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IBM Distinguished Professor of Regulation and Competitive Practice Daniel Diermeier during his April 18 “Nota Bene” lecture, 'Reputation Management: Beyond the Obvious.'

Professor Daniel Diermeier

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The firm you save may be your own, says Professor Daniel Diermeier as ‘Nota Bene’ lecture shows how to prevent ‘intelligence failure’

By Aubrey Henretty

4/20/2007 - “Do you know this person, here?” asked Professor Daniel Diermeier, aiming a laser pointer at a smiling face on the cover of an old issue of Fortune magazine. “This is Lee Scott, the CEO of Wal-Mart.”

The magazine cover was from 2004, said Diermeier, when Wal-Mart was Fortune’s No. 1 Most Admired Company of the year. He clicked the PowerPoint presentation forward and the image was joined by another — a crisply dressed, six-armed monster whose head was an angry-looking variation on the retail giant’s trademark yellow smiley face.

“This is from about six months later,” he said.

Diermeier, The Kellogg School’s IBM Distinguished Professor of Regulation and Competitive Practice, spoke to a capacity student audience in the Donald P. Jacobs Center on April 18 as part of the Kellogg School’s Nota Bene lecture series. A spring tradition at Kellogg, Nota Bene offers graduating students a chance to attend a lecture by a professor whose classes they could not quite squeeze into their schedules during their Kellogg MBA experience.

Fifteen minutes before the session was scheduled to begin, more than half of the classroom was filled. Though some students had taken classes with Diermeier previously, they were enthusiastic about attending the special lecture, titled, “Reputation Management: Beyond the Obvious.”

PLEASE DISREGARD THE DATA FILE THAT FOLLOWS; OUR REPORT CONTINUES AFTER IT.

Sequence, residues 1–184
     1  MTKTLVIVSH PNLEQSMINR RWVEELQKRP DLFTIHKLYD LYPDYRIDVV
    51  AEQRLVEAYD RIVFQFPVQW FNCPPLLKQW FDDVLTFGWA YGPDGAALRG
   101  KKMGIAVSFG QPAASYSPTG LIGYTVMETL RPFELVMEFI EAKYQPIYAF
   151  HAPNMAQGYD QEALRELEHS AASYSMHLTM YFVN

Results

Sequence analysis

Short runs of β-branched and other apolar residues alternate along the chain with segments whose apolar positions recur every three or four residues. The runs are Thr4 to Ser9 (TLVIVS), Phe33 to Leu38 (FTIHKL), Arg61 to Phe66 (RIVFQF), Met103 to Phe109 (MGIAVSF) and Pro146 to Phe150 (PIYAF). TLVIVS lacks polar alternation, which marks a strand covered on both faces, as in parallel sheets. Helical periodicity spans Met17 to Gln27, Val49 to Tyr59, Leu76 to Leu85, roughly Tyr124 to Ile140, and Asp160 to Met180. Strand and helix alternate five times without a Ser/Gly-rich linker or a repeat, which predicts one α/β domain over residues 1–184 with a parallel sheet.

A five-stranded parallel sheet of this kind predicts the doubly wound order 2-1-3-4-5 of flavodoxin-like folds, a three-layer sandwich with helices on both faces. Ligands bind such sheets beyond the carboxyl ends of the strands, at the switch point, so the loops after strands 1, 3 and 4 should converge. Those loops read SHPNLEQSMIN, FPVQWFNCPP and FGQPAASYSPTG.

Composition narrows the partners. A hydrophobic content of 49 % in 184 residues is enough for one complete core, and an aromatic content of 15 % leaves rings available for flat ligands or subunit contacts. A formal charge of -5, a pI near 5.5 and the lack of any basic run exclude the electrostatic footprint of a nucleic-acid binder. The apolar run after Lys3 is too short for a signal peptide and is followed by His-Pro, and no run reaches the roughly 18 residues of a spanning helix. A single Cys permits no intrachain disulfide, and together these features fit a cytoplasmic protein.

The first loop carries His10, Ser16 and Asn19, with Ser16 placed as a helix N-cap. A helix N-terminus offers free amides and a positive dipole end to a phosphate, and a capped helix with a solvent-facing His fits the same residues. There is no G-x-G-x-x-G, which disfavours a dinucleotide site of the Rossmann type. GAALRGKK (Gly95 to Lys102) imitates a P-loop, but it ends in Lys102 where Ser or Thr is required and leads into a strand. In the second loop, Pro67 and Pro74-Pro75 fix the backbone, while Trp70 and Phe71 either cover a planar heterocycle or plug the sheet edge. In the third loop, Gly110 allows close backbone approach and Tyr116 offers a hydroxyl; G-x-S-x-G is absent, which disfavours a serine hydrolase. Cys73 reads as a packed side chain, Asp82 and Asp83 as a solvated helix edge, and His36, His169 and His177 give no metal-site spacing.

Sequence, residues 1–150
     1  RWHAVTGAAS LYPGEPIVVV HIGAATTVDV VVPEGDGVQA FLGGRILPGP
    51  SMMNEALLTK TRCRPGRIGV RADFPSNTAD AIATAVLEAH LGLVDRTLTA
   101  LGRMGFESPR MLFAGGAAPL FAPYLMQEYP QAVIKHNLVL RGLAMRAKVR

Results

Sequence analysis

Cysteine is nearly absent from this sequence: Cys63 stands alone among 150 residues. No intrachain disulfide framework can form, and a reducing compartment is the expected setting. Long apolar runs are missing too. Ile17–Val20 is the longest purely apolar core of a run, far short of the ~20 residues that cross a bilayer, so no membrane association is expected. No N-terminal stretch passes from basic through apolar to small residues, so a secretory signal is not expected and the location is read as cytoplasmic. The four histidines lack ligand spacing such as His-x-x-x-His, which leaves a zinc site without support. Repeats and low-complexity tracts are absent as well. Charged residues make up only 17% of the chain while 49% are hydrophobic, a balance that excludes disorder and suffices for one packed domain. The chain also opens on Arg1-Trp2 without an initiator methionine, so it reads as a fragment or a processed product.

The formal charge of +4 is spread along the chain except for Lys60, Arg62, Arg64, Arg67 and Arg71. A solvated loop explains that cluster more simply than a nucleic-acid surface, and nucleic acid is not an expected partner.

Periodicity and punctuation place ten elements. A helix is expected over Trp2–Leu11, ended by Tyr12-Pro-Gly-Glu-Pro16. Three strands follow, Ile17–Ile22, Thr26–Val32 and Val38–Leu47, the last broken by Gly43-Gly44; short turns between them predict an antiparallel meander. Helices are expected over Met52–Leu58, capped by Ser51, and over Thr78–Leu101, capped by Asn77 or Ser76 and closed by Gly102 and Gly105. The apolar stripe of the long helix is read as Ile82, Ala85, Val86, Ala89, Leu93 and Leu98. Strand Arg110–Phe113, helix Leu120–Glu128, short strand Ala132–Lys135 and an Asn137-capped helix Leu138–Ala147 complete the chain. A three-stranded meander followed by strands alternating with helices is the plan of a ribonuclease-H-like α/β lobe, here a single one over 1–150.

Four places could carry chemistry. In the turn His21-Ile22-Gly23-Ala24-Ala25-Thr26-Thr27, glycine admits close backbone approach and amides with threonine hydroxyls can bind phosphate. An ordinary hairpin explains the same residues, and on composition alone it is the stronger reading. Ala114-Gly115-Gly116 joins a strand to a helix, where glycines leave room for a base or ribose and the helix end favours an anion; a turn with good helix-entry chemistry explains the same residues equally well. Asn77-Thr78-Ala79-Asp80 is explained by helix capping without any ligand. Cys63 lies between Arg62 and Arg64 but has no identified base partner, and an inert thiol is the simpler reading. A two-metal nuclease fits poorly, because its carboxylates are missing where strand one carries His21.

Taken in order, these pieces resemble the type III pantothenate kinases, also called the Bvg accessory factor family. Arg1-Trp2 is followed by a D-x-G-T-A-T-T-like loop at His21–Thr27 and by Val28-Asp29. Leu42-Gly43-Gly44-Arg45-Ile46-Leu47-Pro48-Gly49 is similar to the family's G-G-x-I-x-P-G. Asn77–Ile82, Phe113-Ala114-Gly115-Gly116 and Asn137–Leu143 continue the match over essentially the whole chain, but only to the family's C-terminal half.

“[Diermeier] always has really good real-world stories to highlight in his presentations, said Colby McGavin ’07, who stayed through the question-and-answer session that followed the lecture. Classmate Bryan Campbell ’07 added, “He’s the thought leader in this whole space.”

“PR usually happens when everything else has failed,” said Diermeier, noting that public relations emergencies can be caused by failures of just about anything from a rogue supplier to a crooked accountant, but that all are really failures of intelligence.

To illustrate the problem, Diermeier cited the infamous Feb. 12, 2002, defense briefing by former U.S. Secretary of Defense Donald Rumsfeld in which the secretary described the “known knowns,” “known unknowns” and “unknown unknowns” of intelligence gathering. It’s easy to contain a problem one knows about (a “known known”), Diermeier said, and difficult but possible to investigate potential problems of which one is aware (“known unknowns”). The deadliest problems, he added, are the ones that seem to come out of nowhere but that are perfectly apparent in retrospect (“unknown unknowns”).

“This is true in many different business areas,” said Diermeier, “but it is especially true in the reputational area.” The only way to combat unknown unknowns is to develop an early warning system by improving intelligence, according to the Kellogg professor.

“How on earth do you find something you’re not aware of? Not by using Google,” Diermeier quipped. “Go to Google, type in ‘What is the next big issue that’s going to blow up my company that I’m not aware of?’ and hit return. I’ll be curious to see what comes up.”